Leedberg's List is my own little soapbox where I can voice my opinion on a subject that, I think, I'm pretty darn knowledgable about: computer software. In this installment, I'd like to highlight a program which may not be required for every computer user, but for a segment of the population, it completely changes the way you use your computer. The newest addition to Leedberg's List is Cygwin.

Cygwin, fundamentally, is just a DLL -- a library of functions available to Windows program. That doesn't sound so exciting. The key to Cygwin is what functions it provides. Cygwin is an implementation of POSIX functions for use in Windows programs.

POSIX is the set of system calls that make Unix programs, well, "Unix programs." POSIX is pretty much common across all flavors of Unix. By providing a Windows implementation of POSIX functions, developers can produce programs using the POSIX calls they are used to on Linux, but have the programs running on Windows. Cygwin of course doesn't let you just run a Linux binary under Windows, but it lets source code that's written to the Linux environment be compiled and then run under Windows.

Now that would result in limited appeal, for sure. But the real usefulness of Cygwin is that they've taken a huge body of Linux software, and re-compiled it using the Cygwin DLL, making it available for Windows. Now we're getting somwhere!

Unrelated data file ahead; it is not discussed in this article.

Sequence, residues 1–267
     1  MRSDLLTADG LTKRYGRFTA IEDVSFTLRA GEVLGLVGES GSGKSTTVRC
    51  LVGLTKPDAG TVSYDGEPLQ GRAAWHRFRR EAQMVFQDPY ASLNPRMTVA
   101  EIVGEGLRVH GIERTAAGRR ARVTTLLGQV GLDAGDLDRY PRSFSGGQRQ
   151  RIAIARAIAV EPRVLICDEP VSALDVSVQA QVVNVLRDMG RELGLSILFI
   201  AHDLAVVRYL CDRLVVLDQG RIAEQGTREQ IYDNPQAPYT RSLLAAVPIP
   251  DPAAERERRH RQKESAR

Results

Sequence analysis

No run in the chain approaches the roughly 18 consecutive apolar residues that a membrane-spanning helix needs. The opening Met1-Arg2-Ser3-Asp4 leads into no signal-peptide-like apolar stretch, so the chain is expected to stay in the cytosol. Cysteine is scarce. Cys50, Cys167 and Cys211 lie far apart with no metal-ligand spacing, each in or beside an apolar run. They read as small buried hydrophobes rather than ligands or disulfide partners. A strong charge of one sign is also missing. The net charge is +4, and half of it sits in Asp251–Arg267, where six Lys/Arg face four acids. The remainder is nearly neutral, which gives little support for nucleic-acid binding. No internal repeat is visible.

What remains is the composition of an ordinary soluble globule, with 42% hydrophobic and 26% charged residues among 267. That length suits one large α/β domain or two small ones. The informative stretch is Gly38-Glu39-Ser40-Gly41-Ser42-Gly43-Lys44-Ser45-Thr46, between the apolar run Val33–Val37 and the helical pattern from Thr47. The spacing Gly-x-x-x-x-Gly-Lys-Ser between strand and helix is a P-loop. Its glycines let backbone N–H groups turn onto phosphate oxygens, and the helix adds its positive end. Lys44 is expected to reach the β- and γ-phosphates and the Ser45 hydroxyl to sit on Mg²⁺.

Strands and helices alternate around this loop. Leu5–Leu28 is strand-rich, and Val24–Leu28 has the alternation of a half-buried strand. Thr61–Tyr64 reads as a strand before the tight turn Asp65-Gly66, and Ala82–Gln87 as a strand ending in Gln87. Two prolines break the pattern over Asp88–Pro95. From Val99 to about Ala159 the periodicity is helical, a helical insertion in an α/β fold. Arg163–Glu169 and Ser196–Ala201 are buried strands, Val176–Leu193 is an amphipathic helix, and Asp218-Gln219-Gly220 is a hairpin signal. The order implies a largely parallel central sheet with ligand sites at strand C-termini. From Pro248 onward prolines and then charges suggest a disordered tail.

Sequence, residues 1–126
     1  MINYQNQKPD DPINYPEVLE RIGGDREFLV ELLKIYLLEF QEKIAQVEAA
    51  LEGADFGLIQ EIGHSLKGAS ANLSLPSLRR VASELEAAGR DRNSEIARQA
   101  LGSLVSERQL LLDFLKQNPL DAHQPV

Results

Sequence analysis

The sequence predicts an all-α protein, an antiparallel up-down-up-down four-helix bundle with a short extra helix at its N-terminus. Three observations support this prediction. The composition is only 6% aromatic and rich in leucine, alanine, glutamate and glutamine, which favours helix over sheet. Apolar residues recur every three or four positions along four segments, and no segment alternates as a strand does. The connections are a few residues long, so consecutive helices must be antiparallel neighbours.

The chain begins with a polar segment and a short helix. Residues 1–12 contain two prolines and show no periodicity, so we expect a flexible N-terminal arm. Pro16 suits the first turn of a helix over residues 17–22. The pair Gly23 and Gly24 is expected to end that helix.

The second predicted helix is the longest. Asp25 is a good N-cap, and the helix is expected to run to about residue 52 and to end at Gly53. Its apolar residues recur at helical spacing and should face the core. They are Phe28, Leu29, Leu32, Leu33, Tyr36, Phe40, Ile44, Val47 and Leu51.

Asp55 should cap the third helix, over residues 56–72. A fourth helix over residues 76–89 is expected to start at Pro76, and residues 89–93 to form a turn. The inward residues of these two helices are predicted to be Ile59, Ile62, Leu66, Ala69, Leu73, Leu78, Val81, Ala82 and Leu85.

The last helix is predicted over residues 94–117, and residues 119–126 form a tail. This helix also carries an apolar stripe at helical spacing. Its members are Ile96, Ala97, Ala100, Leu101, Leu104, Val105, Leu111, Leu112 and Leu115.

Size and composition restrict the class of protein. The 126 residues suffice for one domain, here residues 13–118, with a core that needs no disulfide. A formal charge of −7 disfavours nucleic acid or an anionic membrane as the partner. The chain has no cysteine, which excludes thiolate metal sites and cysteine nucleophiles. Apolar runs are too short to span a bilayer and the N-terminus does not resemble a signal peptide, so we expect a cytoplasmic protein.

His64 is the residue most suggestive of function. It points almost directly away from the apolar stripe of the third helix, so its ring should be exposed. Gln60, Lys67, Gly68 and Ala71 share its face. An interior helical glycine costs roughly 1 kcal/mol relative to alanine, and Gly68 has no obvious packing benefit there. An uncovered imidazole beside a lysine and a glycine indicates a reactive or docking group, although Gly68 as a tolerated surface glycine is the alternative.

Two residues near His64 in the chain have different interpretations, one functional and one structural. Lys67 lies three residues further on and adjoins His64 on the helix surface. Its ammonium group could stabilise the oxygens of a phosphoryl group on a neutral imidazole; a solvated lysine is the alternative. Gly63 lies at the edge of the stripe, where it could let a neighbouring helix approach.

When you download and install Cygwin, you have the option of also installing all of the programs Linux users are accustomed to having available. Bash, GCC, and all of the other great command-line utilities that make Linux so great.

Cygwin has even re-compiled the X11 GUI system for Windows, so you can run a large array of Linux graphical programs, such as Emacs and Grace. Lots of Linux programs out there supply Cygwin versions, since in most cases it's so easy to take a pre-existing Linux application and make it work with Cygwin -- thereby making it available to a whole new group of users.

For me, Cygwin has effectively negated my need to dual-boot Linux and Windows. I used to dual-boot the two operating systems because overall I liked the user-friendliness and device support of Windows, but there's lots of software on Linux that I like to use. With Cygwin, I can run Windows and enjoy the benefits of that, while at the same time using most of the software that was keeping me on Linux. Without having to reboot all the time!

Cygwin pretty much provides a full Linux-like environment on Windows, great for people who are used to Linux but also appreciate the good aspects of Windows. Even if Cygwin merely provided the great Bash shell, it would probably make Leedberg's List -- it's orders of magnitude better than the command shell that comes with Windows. But Cygwin goes way beyond that and provides pre-compiled versions of tons of other great Linux program at the same time -- all capable of running in Windows alongside Windows applications. If you've ever liked Linux but had to use Windows, Cygwin is for you.